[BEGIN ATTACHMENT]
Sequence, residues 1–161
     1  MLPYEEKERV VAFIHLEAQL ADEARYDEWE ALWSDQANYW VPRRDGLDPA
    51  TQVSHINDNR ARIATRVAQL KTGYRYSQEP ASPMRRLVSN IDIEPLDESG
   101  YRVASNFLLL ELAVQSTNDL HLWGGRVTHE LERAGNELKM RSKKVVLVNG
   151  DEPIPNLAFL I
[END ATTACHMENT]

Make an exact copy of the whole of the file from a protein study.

Sequence, residues 1–161
     1  MLPYEEKERV VAFIHLEAQL ADEARYDEWE ALWSDQANYW VPRRDGLDPA
    51  TQVSHINDNR ARIATRVAQL KTGYRYSQEP ASPMRRLVSN IDIEPLDESG
   101  YRVASNFLLL ELAVQSTNDL HLWGGRVTHE LERAGNELKM RSKKVVLVNG
   151  DEPIPNLAFL I